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NIAID Awarded Contract to Develop Statistical Methods, Math Models

1 January 2011 2,404 views One Comment

The National Institute of Allergy and Infectious Diseases (NIAID), part of the National Institutes of Health (NIH), recently awarded a five-year, $11.9 million contract to the University of Rochester (UR) Medical Center to continue the work of the Center for Biodefense Immune Modeling (CBIM). The co-directors of the UR-CBIM are Hulin Wu, a statistician and biostatistics professor, and Martin Zand, a professor in the department of medicine at the UR Medical Center.

This renewed proposal builds on the work of the UR-CBIM, which was established five years ago with an award of $10 million. The UR-CBIM—composed of a multidisciplinary team of statisticians, mathematical and engineering modelers, computer scientists, software developers, bioinformaticians, and biomedical investigators—sought to develop novel mathematical models, statistical methods, and bioinformatics tools to decipher the host immune responses to influenza infection and other infectious agents. Extensive experimental data from mice were collected to support the development and validation of the proposed models, statistical methods, and bioinformatics tools. This project resulted in 60 manuscripts, many of which were published in journals such as the Journal of the American Statistical Association, Annals of Statistics, Biometrika, and Biometrics.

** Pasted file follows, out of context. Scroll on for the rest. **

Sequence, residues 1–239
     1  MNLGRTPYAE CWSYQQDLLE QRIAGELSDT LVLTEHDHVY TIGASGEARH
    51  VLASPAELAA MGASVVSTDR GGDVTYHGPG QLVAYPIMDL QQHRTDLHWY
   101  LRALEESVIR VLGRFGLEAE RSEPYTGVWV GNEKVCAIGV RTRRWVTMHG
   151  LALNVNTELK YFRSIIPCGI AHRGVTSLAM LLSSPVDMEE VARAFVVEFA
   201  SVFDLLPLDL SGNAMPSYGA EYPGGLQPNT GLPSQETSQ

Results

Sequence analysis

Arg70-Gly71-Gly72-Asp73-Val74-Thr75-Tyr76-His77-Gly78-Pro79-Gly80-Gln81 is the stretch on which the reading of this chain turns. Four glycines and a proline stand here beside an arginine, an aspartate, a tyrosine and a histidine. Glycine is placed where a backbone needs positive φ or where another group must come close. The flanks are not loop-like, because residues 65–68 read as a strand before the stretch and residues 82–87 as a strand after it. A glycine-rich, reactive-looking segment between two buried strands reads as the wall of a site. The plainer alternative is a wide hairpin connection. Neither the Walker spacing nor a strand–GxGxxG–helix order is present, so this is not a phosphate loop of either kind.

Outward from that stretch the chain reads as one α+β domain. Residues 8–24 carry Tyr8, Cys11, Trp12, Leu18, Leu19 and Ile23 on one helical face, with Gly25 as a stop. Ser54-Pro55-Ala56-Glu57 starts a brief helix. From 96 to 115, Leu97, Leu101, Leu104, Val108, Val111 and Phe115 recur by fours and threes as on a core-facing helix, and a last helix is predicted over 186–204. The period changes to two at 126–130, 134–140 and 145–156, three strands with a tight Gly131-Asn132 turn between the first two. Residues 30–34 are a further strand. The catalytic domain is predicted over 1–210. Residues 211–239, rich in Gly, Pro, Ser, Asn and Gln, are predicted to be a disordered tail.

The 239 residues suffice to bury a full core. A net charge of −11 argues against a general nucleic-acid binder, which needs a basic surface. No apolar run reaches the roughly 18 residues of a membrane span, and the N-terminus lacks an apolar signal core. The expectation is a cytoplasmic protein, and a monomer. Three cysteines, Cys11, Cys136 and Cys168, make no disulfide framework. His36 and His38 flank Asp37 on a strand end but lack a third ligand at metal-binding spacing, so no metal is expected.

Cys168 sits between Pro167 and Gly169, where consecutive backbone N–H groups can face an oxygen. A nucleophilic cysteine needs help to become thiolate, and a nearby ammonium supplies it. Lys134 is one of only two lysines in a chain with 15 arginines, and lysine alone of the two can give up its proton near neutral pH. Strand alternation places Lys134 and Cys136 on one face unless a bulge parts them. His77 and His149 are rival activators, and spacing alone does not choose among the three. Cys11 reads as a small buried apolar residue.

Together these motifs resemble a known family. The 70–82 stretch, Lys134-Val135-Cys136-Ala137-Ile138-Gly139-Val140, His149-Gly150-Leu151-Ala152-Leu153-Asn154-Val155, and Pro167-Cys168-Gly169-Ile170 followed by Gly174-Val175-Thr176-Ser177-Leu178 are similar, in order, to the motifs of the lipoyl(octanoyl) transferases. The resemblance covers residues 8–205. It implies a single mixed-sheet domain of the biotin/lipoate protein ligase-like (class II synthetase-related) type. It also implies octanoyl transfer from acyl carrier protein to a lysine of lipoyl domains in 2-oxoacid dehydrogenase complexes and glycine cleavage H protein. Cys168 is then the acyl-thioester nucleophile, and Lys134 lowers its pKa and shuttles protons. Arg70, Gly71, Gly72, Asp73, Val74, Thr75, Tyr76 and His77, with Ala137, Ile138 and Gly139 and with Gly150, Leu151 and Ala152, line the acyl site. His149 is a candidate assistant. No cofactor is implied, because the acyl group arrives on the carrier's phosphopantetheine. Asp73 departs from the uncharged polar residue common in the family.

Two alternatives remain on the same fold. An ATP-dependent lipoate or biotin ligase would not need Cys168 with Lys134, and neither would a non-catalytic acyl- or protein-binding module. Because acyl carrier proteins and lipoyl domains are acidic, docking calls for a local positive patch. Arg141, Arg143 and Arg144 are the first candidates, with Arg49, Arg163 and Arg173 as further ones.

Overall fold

The developed bioinformatics tools include a differential equation modeling tool, DEDiscover, which is user-friendly software for modelers and biomedical scientists that provides model simulation, parameter estimation, and model evaluation functions. It is freely available at the UR-CBIM website.

Extensive experimental data for model development and validation also were generated and will be available via the NIAID/NIH immunology database, ImmPort, and the UR-CBIM website.

Over the next five years, the UR-CBIM aims to develop multilevel and multitype mathematical/computational models for immune responses that include ordinary differential equation models, stochastic differential equation models, state-space models, stochastic process models, agent-based models, and network models at the cellular, protein, and genetic levels. Novel statistical methods will be developed for these complex dynamic models that are used to quantify immune responses to influenza infection and vaccination. Extensive experiments in both mice and human subjects will be performed, and high-throughput experimental data at cellular, protein, and genetic levels will be collected to support development, validation, and testing of the proposed models and methods.

The developed modeling techniques and statistical methods will be converted into user-friendly tools for biomedical investigators and modelers so they can better understand immune responses and design new experiments for discovering immune-based therapies and vaccines against infectious agents.

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